Let the Children Play!

During the recent Kindergarten-3rd grade family education and gathering events, we discussed how the COVID-19 pandemic has affected children’s social and emotional growth.

It should be no surprise that children everywhere are behind in their social and emotional development. Most children spent the five months from March 2020 until August 2020 isolated in their family groups. Whether in preschool, elementary, or middle school, kids didn’t get nearly as much time engaging in social interactions with peers as they usually would. Although Gateway School was able to return to On-Campus instruction last year, students were required to be physically distanced in the classroom and on the playground changing the types of play and learning experiences they had. Wearing masks for the past 18 months meant less opportunity to learn how to read facial expressions, communicate with facial signals, understand vocal nuance, etc.

To borrow Malcolm Gladwell’s Ten Thousand Hour Rule, kids simply don’t have the time they need to learn to master the complex skills of relationship building, peer negotiation, shared imagination, and collaborative play that lead to social and emotional maturity. With tweens and teens, this is showing up as anxiety, depression, and mental health issues; with younger students, it comes in the form of struggles to resolve conflict, lower-than-usual fortitude, and general feelings of being isolated and misunderstood.

Gateway’s culture explicitly values and teaches strategies for mental health and wellness. From mindfulness practices to the Mood Meter, children are given tools for self-awareness and self-regulation and taught to be responsible for their feelings. We know that when students understand their own emotions, they are better able to use strategies to help them solve personal and interpersonal problems more efficiently – which in turn leads to positive mental health outcomes.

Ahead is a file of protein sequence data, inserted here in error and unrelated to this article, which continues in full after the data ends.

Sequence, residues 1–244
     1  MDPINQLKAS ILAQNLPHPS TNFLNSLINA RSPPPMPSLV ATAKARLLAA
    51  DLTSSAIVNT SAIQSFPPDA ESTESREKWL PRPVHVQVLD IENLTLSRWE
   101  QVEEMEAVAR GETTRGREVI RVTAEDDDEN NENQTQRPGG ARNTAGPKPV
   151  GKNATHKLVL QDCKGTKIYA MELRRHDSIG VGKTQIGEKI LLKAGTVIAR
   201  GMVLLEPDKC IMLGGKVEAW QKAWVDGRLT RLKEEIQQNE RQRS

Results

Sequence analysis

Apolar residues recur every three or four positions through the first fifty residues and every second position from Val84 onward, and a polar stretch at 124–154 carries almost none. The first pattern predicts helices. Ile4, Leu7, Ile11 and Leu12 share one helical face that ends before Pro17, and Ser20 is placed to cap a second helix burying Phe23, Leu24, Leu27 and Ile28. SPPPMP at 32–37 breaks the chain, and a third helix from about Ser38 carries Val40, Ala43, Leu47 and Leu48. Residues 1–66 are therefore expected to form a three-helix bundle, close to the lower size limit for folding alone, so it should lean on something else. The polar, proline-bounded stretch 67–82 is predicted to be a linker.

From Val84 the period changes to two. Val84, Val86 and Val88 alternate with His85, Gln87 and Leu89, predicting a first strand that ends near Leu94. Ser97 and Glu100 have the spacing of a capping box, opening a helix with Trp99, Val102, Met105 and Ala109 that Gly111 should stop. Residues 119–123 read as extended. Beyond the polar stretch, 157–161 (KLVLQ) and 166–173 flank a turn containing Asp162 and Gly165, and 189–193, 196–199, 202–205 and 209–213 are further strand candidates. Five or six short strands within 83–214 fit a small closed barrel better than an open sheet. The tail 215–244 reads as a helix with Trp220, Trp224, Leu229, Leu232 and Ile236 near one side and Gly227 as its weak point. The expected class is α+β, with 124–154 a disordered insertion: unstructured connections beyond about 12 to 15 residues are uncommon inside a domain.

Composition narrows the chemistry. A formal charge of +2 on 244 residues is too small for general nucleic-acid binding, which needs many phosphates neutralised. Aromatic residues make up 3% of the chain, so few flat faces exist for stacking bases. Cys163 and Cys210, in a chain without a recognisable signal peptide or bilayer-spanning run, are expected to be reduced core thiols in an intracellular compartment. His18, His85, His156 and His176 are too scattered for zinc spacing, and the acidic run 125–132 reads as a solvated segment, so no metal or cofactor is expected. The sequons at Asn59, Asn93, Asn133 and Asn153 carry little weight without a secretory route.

If you are wondering how to support your child’s social and emotional development, I offer this key concept: more unstructured play. As Fred Roger’s once epically said, “Play is the work of children” — they need time to explore, create, and satisfy their innate curiosity. Play gives children a laboratory to practice social-emotional skills such as sharing, negotiating, decision making, collaboration, inclusivity, and other friendship skills. Loose games of soccer, four square, and field games help students develop their conflict resolution skills as they navigate the rules and as problems come up. And the physical health benefits of play also translate into academic areas, from the improved clarity and focus to the upper body and core strength needed for handwriting, typing, and mental stamina.

Play, creativity, and innovation are part of our school’s nine core values, as research shows all are integral to learning. If you care to discover more about the power of play, I recommend the following books:

The Book of Joy, by HH the Dalai Lama, Archbishop Desmond Tutu, and Douglas Abrams

Play: How it Shapes the Brain, Opens the Imagination, and Invigorates the Soul, by Stuart Brown

Imagine: How Creativity Works, by Jonah Lehrer

Cheers to having your child turn off their device and head outside for some good old-fashioned play! And feel free to join in and rediscover your inner child.

Warmly,

Dr. Zachary Roberts, Head of School